• Push yourself. Subject your songs to analyses and cold-listens by unsuspecting strangers. Clock their facial expressions more than their words (which are often cautious compliments, even when they’re not deserved). Find ways to write your songs so that the physical reactions you get become undeniably positive.
  • Come up with tricks to improve your songwriting. One such “trick” isn’t really a trick at all, but it can completely transform the way you write your music. Get another singer to sing your song. Not because they’re “better” but because they’re DIFFERENT. If you know a singer who’s great get him or her to “interpret” your song. Try it with your melody line first, then ask them to just feel it and do their own thing with it. Then, get a “poor” singer to sing it. Watch him or her kill your song and unconsciously deliver a parody of it. The lessons you’ll take away from this can be invaluable.
  • Study other great songwriters. Note that songs by greats such as Lennon-McCartney, Elton John or Diane Warren survive decades and lend themselves to virtually any musical style. How did they do it?
  • Always ensure that your demos are done properly. They can be simple or complex, “produced” or not – but the basic values need to be there. Strong confident instrumentation and vocal, “flowing” arrangement, hooks, little surprises – and a decent mix.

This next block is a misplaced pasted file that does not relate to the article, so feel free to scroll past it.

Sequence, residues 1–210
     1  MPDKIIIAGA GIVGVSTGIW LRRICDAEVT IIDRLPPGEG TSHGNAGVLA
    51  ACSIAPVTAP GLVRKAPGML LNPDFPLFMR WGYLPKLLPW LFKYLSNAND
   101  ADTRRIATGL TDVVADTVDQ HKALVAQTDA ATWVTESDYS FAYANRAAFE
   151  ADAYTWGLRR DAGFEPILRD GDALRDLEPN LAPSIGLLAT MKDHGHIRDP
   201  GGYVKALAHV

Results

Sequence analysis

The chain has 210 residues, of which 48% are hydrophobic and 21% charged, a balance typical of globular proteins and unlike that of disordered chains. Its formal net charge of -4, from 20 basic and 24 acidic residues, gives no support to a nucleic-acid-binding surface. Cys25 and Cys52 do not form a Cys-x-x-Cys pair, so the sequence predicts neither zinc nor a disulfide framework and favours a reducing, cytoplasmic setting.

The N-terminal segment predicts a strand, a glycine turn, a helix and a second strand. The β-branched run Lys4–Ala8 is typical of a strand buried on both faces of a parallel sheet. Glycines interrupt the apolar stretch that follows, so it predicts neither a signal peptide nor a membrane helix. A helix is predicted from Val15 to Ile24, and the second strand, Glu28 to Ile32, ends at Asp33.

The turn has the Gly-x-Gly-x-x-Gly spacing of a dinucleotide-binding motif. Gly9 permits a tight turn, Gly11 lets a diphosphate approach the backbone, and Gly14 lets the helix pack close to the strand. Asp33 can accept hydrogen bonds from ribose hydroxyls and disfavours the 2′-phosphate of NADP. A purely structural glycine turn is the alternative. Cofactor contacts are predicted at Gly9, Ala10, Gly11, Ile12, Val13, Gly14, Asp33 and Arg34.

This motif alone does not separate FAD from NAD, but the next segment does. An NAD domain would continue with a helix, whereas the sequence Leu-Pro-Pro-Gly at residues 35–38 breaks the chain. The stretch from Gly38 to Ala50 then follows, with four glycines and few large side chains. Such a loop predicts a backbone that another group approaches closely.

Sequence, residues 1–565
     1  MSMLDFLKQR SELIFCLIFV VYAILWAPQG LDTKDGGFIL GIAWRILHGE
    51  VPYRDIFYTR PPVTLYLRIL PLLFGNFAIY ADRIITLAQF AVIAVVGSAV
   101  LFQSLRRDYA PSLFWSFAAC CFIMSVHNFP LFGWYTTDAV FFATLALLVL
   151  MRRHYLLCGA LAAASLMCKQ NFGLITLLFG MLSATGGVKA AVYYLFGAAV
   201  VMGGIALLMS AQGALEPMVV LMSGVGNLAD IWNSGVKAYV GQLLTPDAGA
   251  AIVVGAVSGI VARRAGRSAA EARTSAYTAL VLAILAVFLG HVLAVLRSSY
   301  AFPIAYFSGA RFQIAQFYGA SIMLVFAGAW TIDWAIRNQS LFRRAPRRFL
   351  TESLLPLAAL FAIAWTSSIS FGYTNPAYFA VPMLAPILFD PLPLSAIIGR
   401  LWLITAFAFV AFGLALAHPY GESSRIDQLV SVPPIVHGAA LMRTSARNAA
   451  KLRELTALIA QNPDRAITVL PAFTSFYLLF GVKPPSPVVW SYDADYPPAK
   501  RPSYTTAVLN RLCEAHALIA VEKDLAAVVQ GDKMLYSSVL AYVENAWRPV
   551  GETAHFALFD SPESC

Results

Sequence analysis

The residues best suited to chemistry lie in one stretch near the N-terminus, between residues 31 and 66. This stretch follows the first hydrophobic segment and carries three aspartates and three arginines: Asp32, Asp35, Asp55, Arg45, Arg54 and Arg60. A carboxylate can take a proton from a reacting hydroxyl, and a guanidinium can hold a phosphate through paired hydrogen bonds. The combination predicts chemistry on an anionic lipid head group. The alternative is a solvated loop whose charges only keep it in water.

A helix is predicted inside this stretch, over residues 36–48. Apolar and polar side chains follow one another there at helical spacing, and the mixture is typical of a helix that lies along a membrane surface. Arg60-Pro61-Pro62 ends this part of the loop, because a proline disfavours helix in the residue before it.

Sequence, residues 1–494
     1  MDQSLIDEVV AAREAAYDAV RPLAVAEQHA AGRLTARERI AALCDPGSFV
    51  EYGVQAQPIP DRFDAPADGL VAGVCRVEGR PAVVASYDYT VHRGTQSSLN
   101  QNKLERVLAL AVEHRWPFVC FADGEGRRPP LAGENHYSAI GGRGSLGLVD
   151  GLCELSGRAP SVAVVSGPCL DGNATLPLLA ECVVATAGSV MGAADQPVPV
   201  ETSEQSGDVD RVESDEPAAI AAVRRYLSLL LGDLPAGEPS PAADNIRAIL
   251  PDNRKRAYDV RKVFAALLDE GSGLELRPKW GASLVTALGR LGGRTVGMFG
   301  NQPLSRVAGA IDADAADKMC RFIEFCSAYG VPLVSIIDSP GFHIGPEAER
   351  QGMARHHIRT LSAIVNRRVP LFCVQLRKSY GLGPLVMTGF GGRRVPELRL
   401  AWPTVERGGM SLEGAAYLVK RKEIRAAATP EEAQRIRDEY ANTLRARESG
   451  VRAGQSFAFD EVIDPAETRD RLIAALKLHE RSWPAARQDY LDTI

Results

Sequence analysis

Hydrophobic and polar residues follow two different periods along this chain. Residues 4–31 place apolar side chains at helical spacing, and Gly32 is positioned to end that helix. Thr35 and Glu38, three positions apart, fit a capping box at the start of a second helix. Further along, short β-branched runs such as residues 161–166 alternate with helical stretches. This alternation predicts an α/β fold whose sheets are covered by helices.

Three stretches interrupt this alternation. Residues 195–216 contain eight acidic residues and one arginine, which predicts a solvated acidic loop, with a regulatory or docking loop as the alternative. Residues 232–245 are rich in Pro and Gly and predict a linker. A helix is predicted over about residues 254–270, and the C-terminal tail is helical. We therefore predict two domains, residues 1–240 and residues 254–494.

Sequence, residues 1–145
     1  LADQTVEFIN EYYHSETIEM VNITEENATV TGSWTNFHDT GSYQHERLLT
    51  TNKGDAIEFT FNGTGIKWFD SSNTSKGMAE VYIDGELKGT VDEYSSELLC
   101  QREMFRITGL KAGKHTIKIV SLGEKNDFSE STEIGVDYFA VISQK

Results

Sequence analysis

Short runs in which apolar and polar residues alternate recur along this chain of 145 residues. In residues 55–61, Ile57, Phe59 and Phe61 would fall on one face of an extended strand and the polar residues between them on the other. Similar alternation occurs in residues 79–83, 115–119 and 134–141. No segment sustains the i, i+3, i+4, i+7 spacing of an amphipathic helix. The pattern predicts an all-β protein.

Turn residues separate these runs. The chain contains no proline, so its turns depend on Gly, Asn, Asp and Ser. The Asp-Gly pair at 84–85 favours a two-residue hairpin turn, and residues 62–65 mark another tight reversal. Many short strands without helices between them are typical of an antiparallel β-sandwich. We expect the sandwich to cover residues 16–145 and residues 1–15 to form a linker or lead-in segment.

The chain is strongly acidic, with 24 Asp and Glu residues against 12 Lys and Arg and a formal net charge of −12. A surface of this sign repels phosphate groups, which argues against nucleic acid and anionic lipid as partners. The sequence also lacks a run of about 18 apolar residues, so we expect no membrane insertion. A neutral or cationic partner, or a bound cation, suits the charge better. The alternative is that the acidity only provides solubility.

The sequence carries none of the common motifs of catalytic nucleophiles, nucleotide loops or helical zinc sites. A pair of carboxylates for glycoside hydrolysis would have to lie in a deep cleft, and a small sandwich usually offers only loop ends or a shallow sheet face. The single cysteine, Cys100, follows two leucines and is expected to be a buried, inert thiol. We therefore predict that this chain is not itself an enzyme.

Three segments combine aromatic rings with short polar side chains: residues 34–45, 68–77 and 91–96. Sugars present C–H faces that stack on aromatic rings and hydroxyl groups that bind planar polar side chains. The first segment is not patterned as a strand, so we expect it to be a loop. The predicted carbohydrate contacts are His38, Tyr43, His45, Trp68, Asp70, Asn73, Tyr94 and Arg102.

When reviewing demos, “the song” is always the biggest consideration. Given two songs, one of which is beautifully written but poorly produced, and the other hastily written but beautifully produced, all too often the latter will win out. This is because “production” is just another word for “presentation”. We all know that it’s not clothes that make the man and we shouldn’t judge a book by its cover. But the fact still remains that first impressions are always going to be critically important. So have the depth and the content and all that – but also ensure that you grab their attention from the start with your craft – even if it’s basic. “Basic” is ok, as long as it’s “proper!”